Let’s start with the casting, since that may be the most important thing in terms of a TV series, since we’re inviting these people into our homes each week. Russell Hornsby is a solid actor who has really stood out in recent years in films like Fences and The Hate U Give, as well as the Netflix series Seven Seconds. His take on Lincoln Rhyme emphasizes the character’s arrogance — his need to be the smartest person in the room. It’s a character flaw that is part of Rhyme’s DNA, and I’m glad that writers-showrunners Mark Bianculli and VJ Boyd didn’t try to make his Lincoln too likable. This guy has a chip on his shoulder, and he’s determined to prove why he’s the best investigator in New York, independent or otherwise, and even from the confines of his bed.
Another thing this series adaptation gets right is the secret to Lincoln’s brilliance, which is his familiarity with his surroundings. Every corner of the city tells a story, much like evidence. The sand and gravel at a crime scene can tell you a lot, if you’re ready to listen. You know how you can always tell when you’re getting sick, even when a doctor might tell you not to worry about it? That’s because you know your body better than anyone. Well, before Lincoln’s tragic accident, which is dispensed with in the very first scene, he took the time to get to know his city — its past, present and future — better than anyone, and because of that, he can read between the lines of certain evidence and interpret what those clues are really saying better than the NYPD’s own experts. In Rhyme’s world, eyewitnesses are not to be trusted, only forensics, and on that front, the NBC series succeeds… though Locard’s principle isn’t mentioned in the pilot and Deaver’s readers know that it absolutely should be. But I digress…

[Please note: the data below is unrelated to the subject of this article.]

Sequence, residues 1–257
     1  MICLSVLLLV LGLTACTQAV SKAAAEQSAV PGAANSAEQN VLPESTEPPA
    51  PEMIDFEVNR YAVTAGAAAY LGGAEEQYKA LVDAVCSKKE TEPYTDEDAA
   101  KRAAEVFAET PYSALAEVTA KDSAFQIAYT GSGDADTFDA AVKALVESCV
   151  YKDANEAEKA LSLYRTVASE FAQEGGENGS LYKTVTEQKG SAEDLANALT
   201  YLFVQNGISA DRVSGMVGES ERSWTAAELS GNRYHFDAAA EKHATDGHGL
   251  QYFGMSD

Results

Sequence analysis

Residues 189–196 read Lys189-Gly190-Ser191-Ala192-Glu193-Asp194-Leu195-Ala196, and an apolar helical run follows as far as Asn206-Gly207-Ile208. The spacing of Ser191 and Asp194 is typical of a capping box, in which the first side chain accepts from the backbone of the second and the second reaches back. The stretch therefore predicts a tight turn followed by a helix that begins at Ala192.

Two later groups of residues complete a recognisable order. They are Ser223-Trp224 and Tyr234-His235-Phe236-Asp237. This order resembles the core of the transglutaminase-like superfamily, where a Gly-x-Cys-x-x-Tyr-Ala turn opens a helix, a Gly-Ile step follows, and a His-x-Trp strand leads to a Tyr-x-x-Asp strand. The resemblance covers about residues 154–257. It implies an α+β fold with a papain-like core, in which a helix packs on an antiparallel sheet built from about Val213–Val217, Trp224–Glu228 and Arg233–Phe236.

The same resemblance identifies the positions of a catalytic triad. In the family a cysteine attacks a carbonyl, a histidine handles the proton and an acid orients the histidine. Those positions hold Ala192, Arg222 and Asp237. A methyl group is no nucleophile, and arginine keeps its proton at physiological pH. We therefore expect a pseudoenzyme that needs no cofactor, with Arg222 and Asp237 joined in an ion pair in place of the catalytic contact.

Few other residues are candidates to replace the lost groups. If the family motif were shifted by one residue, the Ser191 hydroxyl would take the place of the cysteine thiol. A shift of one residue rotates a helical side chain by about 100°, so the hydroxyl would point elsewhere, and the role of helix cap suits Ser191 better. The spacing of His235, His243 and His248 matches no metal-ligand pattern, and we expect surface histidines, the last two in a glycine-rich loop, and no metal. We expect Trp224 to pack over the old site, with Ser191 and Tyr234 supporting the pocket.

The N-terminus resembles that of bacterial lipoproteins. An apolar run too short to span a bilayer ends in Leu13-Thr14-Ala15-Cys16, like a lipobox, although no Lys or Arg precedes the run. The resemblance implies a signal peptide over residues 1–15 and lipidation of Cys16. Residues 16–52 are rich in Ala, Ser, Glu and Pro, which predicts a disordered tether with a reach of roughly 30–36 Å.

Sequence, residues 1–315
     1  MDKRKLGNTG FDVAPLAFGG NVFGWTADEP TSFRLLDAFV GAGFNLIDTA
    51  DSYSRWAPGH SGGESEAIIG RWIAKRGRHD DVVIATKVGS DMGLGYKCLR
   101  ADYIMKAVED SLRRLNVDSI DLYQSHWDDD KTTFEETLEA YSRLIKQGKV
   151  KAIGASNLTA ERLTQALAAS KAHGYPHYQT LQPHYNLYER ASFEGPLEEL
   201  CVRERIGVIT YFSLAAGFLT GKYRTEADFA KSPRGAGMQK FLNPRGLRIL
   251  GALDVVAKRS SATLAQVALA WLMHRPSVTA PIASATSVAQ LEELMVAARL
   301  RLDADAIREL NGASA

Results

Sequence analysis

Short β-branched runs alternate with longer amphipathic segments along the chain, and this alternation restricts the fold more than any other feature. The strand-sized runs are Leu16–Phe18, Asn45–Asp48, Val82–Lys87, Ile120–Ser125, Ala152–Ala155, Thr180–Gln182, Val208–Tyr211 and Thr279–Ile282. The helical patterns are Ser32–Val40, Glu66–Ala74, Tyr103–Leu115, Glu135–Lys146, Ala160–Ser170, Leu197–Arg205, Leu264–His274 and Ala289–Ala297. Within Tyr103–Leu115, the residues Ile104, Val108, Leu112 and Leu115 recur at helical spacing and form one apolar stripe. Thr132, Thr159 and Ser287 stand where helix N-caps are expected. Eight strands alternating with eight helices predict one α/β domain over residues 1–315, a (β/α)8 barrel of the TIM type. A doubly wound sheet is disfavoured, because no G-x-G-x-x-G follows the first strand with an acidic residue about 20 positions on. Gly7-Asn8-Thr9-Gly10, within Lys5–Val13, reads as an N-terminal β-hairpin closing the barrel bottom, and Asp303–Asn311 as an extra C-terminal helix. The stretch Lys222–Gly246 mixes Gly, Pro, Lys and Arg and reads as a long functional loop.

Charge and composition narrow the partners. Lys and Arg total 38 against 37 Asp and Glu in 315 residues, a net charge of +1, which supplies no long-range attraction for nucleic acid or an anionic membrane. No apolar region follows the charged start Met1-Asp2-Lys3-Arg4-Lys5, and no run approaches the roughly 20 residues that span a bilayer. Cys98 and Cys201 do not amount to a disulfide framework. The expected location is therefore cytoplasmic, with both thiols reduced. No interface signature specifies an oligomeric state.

When NYPD officer Amelia Sachs (Arielle Kebbel) shows good instincts on the job by throwing herself in front of an oncoming subway train to preserve a crime scene, Rhyme is impressed with her respect for evidence. He promptly enlists her to be his eyes and ears out on the street. He can’t walk these crime scenes himself, after all, so he needs her to do it for him. The two of them make quite a team.
Unfortunately, it’s the specifics that get lost in translation, at least in the first episode. I was excited to see Lincoln teach Amelia how to “walk the grid,” or to see his team use a gas spectrometer to analyze evidence, but we don’t get any of those things early on. I understand that’s the nature of TV, but it’s Deaver’s attention to detail that keeps his books so riveting. After all, Lincoln doesn’t really have a family like Alex Cross (who deserves his own series, ahem), and his complicated, unlikely romance with Sachs takes a while to blossom — if it ever does, in this series. Regardless, without those elements, there’s more weight on the investigation. Director Seth Gordon does a decent enough job with the show’s procedural elements, but nothing on his comedy-heavy resume suggests he was the guy to turn to for this series, which may have flourished under the direction of someone with experience directing crime shows or genre movies.
Arielle Kebbel co-stars as Sachs, and with all due respect, I’m just not sure she’s up to the task. While I can see what the producers were going for, she lacks the kind of edge a young Angelina Jolie brought to the role. Of course, she and Hornsby have giant, A-list sized shoes to fill, though he acquits himself better than her in that regard. Again, it’s just one introductory episode, but I wanted to see Sachs working on her muscle car, reminiscing about her father.